Dublin Championships. Day 1

Dublin Championships. Day 1

Day One of the County Dublin Croquet Championships at Carrickmines C & LTC featured a cast of talented technicians flourishing in a sun-kissed outdoor arena tailor-made for the cognoscenti of mallet and hoop. Vitamin D and croquet. What more could any one ask ?

On lawn 1, the Boxwell Cup (Handicap Singles) competition witnessed tactical supremo Martin Gilmartin strolling to a 26-0 win versus Dave McGrath. His win owed much to pure ball-striking and the temperament of a Buddhist monk.

Gilmartin downed a cappuccino before going on to account for the hopes of Tim Furlong by 16 hoops to 10 in a measured New Mirabeau trophy display. 

In the same comortas (competition), a game Terence Woulfe Flanagan saw off Karen Davidson Perrins by 26 hoops to 3.

The Phantom trophy featured the clever play of both Sheilagh Glennane and Ann Woulfe-Flanagan with the former triumphant by 8 hoops to 2.

Not to be outdone, Skedda-maestro Tony Allwright was polished and precise in an 11-7 win over Mark McCann. 

Further Phantom action encompassed the competitive Nicola Kelly dispatching Duncan Styles by 14 hoops to 3. Elsewhere, Richard Whelan was ice-cool in seeing off Patricia Burke in a Phantom outing that was enjoyed by neutrals.

On 1, the double-banking duo of Anne-Marie McGowan and Russell Harris were pitted in a battle of top-class roquets and effortless hoop-running. AMG's continually improving game is evocative of Gary Player's dictum: "The harder I practice, the luckier I get." 26-19 there to McGowan, very much a case of "have bisques, will travel" for her when faced by championship pedigree opponents in the Boxwell handicap event.

Duff Matthews rivals Dave McGrath and Nigel Werner would probably have opted for predicted grades if they knew they were to serve up an error- strewn contest in baking heat fit  for mad dogs and Englishmen. McGrath came through after an 8 hoop break that softened the aftertaste of roquets missed and profligacy of hoop. Think Gary Birtles at Old Trafford in the Big Ron era.

On lawn 2, the svelte figure of Alan Looney was seen engaging in a frenetic clash versus Mark McCann.

Looney's recent physical transformation sees him now boast the vo2 max capacity of a young Sir Steve Redgrave. A metabolic marvel to the boffins at DCU's high-performance laboratory, the engineering doyen Looney had to sit back and watch a savvy McCann use his bisques to maximum effect, taking the spoils by 26 hoops to 12 in this Boxwell opener. McCann's even temperament could see him contend for major honours. Hitting in and running hoops. The game hasn't changed.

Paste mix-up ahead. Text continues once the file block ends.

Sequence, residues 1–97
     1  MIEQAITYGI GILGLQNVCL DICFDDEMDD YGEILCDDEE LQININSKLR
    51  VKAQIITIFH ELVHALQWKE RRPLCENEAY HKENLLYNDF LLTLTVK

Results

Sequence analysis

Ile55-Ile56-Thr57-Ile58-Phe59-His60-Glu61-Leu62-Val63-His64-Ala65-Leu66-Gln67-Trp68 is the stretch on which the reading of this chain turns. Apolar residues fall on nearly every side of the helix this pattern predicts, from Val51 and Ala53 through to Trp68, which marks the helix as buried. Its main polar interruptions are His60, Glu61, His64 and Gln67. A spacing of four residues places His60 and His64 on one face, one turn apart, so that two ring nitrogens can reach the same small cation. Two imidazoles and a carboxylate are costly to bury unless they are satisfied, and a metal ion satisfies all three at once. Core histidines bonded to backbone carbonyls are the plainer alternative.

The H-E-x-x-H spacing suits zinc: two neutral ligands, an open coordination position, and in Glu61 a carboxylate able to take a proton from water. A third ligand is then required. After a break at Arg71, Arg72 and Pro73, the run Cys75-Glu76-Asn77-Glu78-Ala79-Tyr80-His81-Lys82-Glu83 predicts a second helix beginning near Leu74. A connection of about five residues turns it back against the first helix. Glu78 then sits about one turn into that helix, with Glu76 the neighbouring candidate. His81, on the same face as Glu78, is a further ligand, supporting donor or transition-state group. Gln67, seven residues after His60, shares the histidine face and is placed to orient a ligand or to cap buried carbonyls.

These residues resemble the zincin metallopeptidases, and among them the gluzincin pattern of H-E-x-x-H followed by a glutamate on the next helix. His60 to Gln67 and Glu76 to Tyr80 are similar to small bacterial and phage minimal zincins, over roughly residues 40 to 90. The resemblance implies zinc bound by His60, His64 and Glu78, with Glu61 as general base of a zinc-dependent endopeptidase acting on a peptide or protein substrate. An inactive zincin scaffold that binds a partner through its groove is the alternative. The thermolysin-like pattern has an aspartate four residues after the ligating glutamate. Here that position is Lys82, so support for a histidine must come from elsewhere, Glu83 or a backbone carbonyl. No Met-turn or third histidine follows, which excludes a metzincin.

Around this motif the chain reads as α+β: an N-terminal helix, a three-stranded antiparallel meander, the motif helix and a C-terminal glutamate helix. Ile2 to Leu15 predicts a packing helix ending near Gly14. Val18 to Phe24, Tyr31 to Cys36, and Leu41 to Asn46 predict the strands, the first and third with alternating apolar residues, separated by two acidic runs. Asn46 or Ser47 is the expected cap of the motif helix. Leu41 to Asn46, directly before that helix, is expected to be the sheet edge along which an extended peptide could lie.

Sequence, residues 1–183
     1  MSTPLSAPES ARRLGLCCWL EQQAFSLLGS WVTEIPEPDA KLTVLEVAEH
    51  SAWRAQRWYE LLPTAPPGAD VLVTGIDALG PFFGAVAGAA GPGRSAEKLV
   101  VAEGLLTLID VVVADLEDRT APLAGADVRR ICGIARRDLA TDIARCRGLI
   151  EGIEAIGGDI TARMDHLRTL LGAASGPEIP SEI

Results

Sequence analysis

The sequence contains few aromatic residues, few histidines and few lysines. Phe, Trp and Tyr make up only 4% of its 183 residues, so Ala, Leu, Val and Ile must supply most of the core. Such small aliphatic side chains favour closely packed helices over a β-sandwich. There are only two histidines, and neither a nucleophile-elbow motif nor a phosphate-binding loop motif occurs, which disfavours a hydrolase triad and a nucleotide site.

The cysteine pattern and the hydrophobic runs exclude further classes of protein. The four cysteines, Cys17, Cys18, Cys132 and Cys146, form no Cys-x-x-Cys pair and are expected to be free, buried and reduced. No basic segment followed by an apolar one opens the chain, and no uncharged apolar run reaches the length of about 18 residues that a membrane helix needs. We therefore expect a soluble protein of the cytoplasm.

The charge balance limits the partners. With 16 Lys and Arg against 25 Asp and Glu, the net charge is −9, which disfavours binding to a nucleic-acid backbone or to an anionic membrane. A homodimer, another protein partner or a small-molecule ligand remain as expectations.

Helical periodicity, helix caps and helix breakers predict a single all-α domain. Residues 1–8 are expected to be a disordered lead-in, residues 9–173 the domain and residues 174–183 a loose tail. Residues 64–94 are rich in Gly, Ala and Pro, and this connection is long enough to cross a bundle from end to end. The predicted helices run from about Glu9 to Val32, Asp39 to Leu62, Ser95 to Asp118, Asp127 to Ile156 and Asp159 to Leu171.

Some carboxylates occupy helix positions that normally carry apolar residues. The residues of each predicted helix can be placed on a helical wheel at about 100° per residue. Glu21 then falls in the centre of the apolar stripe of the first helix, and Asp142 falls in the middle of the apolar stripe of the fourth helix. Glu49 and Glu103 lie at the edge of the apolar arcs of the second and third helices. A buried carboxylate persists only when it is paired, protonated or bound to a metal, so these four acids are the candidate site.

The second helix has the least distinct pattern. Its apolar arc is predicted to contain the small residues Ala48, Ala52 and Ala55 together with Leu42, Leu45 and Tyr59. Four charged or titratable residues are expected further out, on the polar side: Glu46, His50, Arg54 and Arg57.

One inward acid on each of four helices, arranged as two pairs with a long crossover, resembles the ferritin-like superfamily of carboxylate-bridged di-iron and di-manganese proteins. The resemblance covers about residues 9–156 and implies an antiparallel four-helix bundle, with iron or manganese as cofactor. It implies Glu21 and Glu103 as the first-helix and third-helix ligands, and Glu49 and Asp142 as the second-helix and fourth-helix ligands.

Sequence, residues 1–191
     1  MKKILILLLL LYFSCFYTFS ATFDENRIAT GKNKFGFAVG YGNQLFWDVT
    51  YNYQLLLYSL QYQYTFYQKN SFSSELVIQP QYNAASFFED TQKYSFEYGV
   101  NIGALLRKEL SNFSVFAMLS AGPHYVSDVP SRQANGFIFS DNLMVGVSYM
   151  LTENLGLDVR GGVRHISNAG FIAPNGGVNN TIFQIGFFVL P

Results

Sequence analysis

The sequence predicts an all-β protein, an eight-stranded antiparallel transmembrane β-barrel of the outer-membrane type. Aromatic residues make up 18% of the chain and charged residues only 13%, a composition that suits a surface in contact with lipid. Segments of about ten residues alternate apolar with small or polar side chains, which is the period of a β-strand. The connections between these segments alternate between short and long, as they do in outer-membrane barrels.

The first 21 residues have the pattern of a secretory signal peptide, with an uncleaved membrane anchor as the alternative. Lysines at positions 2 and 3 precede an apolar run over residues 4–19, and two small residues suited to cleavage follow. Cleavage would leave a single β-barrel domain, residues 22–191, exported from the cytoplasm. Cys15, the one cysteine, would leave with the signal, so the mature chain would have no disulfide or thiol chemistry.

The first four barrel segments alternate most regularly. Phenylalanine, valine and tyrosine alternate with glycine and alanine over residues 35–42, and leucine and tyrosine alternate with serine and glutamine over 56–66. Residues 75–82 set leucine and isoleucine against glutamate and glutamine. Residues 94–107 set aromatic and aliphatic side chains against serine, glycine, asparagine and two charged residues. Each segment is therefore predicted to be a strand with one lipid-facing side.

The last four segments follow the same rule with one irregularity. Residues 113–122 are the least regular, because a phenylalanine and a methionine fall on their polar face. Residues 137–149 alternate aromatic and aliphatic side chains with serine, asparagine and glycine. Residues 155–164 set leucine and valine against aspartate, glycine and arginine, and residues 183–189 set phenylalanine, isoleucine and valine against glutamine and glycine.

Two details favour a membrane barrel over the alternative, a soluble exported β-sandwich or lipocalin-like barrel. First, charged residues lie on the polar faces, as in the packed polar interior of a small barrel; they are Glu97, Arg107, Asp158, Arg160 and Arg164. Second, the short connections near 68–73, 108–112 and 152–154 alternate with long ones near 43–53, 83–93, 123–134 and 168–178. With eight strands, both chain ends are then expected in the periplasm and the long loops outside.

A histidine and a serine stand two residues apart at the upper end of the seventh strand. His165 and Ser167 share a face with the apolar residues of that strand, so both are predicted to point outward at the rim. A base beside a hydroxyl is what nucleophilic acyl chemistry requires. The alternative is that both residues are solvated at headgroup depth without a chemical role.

Sandy Greig's game keeps improving as if guided by some magical Scottish recipe. Deep-fried mars bar? Nary. Practice and a strategic brain deserving of a Sandhurst Fellowship. Greig combines the tactical acumen of a 5-star general with the feather-like touch of an Ilie Nastase.  Beating him was beyond a super-competitive Sheilagh Glennane who succumbed by a margin of 26 hoops to 20 to the forestry saineolaí (expert).

Championship Singles action brought Mssrs Harris and Johnston (Danny) together in a clash every bit as enticing as this afternoon's Djokovic vs Nadal semi-final showdown on Court Philippe Chatrier. Johnston brings plenty of what that Flahavan's porridge ad called "fiúntas" (quality). The burette merchant gaily set about his task early doors, his opponent forced to admire his former protégé's transition from East Glendalough novice to perennial internationalist. Johnston completed a whitewash and is the early bookies' favourite. Physics chalkman Harris was later feeling a sense of inertia as Carrickminder Simon Williams went about running hoops with the minimum of fuss. His reward for this championship "W" was a quarter pounder with cheese and chips straight off the grille from nearby Ballyman. Harris can console himself that the former world no 7 Williams retains much of what made him the feared test match animal of yesteryear. Namely a love for ethanol sugars and a sweetly struck regulation Dawson ball. 

Nathaniel Healy possesses the type of croquet cunning that merits championship consideration when the odds are being drawn up. He met Alan Looney on lawn 2 for what some pre-billed as the match of the day. The Canterbury-clad Newcastle lawman came through despite spirited Looney resistance. Plenty of learnings for the ex-club president though in his maiden championship outing. 

Tomorrow's action could be spell-binding.

Dave McGrath